Stephen King’s On Writing is more than a decade old, but it remains the best book about writing I’ve ever read. Part memoir, part writing manual, it shows that King is more than just a fiction writer, and that he really knows his stuff.
The first half of the book is memoir, in which King recounts many childhood experiences that shaped him as a person and as a writer, and also gives a fascinating look into the beginning of one of the most storied literary careers. The second half is more directly about the craft of writing—and it is indeed a craft, requiring much care and practice, as King points out—and he proves himself particularly adept at teaching his craft; he offers up instruction in such a way that I never felt bored, like I was reading a textbook or sitting in a stuffy lecture hall. He gives great illustrations of what he’s saying, and he makes writing accessible, breaking it down into its simple components so that it’s not at all the daunting thing that many of us so often make it out to be.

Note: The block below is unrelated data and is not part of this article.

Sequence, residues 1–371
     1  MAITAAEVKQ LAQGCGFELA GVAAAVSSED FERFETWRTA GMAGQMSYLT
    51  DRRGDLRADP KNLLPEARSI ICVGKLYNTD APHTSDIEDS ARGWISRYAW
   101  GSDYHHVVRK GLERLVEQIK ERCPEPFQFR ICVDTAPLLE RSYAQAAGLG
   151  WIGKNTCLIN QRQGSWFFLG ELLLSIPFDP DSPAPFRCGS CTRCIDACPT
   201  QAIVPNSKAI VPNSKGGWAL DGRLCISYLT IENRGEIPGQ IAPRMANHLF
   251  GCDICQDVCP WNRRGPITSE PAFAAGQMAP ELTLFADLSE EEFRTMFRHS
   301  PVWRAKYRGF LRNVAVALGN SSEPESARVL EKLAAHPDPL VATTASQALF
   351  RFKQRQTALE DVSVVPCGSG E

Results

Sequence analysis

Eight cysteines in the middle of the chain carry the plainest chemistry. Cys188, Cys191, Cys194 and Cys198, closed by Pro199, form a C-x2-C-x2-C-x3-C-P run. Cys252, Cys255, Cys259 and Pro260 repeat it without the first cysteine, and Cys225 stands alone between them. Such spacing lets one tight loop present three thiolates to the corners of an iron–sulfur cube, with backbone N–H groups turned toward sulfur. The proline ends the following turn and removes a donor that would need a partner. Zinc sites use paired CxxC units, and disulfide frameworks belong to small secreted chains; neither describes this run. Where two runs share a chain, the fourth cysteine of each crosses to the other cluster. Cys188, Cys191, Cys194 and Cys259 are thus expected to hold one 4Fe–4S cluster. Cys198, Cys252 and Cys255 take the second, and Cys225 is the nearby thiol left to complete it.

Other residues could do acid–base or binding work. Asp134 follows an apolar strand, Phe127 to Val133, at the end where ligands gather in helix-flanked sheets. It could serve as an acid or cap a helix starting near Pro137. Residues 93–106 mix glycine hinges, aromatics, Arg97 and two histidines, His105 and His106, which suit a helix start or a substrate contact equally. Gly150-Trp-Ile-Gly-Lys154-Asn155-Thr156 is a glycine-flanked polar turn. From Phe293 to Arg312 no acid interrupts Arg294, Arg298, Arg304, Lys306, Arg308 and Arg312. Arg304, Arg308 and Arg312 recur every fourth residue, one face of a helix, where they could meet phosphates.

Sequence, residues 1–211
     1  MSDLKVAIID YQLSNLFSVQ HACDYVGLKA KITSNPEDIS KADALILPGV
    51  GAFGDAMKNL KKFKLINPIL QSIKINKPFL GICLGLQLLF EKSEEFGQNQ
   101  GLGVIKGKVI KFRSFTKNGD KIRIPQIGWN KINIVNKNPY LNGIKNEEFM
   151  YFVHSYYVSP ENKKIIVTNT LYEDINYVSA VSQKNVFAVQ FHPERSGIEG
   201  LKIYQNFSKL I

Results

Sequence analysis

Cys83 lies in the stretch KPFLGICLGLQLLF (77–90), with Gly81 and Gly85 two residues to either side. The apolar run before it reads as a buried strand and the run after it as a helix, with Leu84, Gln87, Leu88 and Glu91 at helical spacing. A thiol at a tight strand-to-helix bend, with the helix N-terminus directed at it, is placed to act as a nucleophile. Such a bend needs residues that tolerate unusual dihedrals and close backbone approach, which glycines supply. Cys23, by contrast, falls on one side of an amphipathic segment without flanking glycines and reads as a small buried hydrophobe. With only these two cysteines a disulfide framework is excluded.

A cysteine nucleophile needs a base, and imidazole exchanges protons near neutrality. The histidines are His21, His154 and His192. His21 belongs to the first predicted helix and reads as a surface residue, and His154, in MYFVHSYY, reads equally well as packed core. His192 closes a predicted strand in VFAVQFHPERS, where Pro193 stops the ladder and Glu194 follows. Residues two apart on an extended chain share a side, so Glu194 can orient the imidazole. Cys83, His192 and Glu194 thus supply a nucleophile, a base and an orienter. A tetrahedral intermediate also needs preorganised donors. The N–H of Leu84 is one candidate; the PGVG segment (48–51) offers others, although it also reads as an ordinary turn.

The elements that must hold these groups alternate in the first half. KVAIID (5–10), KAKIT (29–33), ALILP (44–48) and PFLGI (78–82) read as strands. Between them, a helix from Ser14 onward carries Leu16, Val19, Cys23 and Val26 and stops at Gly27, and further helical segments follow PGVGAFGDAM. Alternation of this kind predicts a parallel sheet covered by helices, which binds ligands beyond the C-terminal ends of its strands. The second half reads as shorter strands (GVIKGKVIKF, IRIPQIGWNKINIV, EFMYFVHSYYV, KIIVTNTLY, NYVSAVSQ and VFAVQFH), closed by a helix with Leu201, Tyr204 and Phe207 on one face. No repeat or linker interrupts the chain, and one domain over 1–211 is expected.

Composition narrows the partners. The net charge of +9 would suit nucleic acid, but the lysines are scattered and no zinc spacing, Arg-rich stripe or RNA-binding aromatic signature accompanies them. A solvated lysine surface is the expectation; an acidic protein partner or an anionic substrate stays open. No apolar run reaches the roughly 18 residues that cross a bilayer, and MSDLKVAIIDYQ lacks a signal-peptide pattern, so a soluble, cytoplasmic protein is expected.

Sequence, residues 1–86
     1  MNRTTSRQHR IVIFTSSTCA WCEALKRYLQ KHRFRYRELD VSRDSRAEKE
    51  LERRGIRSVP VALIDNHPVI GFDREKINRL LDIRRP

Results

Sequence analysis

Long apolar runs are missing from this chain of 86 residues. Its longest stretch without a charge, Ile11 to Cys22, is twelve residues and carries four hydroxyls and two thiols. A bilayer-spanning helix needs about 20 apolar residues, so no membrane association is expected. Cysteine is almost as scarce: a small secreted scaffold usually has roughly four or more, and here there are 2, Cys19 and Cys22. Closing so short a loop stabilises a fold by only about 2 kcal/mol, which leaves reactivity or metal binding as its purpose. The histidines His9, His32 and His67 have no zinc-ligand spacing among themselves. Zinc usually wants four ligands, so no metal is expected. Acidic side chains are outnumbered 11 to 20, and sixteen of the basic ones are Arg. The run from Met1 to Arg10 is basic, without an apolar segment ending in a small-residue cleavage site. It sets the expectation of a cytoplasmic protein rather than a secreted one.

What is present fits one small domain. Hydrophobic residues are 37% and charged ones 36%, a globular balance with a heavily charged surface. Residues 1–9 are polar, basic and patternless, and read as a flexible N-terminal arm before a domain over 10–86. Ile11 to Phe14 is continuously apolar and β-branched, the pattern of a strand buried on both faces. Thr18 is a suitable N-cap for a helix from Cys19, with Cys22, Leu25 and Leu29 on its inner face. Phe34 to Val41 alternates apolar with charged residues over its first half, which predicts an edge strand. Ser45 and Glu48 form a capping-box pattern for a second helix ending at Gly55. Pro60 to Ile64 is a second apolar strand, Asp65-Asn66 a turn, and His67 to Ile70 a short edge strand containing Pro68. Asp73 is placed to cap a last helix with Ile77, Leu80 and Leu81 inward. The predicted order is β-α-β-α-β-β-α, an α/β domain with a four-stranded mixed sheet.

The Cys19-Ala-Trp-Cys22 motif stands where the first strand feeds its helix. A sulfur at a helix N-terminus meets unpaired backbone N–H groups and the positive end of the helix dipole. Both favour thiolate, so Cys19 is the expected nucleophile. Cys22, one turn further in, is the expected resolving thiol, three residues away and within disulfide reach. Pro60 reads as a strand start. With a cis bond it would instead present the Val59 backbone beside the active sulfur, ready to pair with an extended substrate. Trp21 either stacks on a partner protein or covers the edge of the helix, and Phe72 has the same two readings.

It’s been several years since I read it, but I recently loaned it to a co-worker, and I’m looking at taking it for another walk, starting today, which is what prompted me to write this post. I haven’t read every book about writing (not even close; there are way too many with which to keep up), but On Writing is hands-down the best I’ve ever consumed, and I consider it a must-read for any working or aspiring writer.